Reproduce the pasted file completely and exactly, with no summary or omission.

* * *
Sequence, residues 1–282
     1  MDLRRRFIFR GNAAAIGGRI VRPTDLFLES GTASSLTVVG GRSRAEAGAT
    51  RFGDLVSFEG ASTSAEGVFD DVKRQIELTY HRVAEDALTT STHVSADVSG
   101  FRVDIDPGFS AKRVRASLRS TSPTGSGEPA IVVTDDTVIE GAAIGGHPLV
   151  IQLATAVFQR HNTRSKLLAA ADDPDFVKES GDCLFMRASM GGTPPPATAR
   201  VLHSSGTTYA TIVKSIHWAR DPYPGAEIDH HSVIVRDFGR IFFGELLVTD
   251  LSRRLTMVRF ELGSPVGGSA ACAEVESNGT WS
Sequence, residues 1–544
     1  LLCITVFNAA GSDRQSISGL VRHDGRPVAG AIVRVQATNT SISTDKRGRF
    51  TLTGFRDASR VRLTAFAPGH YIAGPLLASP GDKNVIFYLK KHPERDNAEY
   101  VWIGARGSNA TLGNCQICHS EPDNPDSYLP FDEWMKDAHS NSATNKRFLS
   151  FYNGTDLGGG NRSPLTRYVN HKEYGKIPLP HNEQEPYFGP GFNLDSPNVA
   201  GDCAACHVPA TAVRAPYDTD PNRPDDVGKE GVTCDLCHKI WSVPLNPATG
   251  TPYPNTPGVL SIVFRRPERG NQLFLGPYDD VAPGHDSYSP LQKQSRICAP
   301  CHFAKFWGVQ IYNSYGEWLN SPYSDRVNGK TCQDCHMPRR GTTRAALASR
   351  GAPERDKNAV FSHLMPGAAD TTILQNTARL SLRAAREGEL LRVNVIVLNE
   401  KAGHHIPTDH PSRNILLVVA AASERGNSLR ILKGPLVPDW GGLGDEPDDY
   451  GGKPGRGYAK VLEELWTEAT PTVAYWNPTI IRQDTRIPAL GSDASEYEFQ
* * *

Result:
Sequence, residues 1–282
     1  MDLRRRFIFR GNAAAIGGRI VRPTDLFLES GTASSLTVVG GRSRAEAGAT
    51  RFGDLVSFEG ASTSAEGVFD DVKRQIELTY HRVAEDALTT STHVSADVSG
   101  FRVDIDPGFS AKRVRASLRS TSPTGSGEPA IVVTDDTVIE GAAIGGHPLV
   151  IQLATAVFQR HNTRSKLLAA ADDPDFVKES GDCLFMRASM GGTPPPATAR
   201  VLHSSGTTYA TIVKSIHWAR DPYPGAEIDH HSVIVRDFGR IFFGELLVTD
   251  LSRRLTMVRF ELGSPVGGSA ACAEVESNGT WS
Sequence, residues 1–544
     1  LLCITVFNAA GSDRQSISGL VRHDGRPVAG AIVRVQATNT SISTDKRGRF
    51  TLTGFRDASR VRLTAFAPGH YIAGPLLASP GDKNVIFYLK KHPERDNAEY
   101  VWIGARGSNA TLGNCQICHS EPDNPDSYLP FDEWMKDAHS NSATNKRFLS
   151  FYNGTDLGGG NRSPLTRYVN HKEYGKIPLP HNEQEPYFGP GFNLDSPNVA
   201  GDCAACHVPA TAVRAPYDTD PNRPDDVGKE GVTCDLCHKI WSVPLNPATG
   251  TPYPNTPGVL SIVFRRPERG NQLFLGPYDD VAPGHDSYSP LQKQSRICAP
   301  CHFAKFWGVQ IYNSYGEWLN SPYSDRVNGK TCQDCHMPRR GTTRAALASR
   351  GAPERDKNAV FSHLMPGAAD TTILQNTARL SLRAAREGEL LRVNVIVLNE
   401  KAGHHIPTDH PSRNILLVVA AASERGNSLR ILKGPLVPDW GGLGDEPDDY
   451  GGKPGRGYAK VLEELWTEAT PTVAYWNPTI IRQDTRIPAL GSDASEYEFQ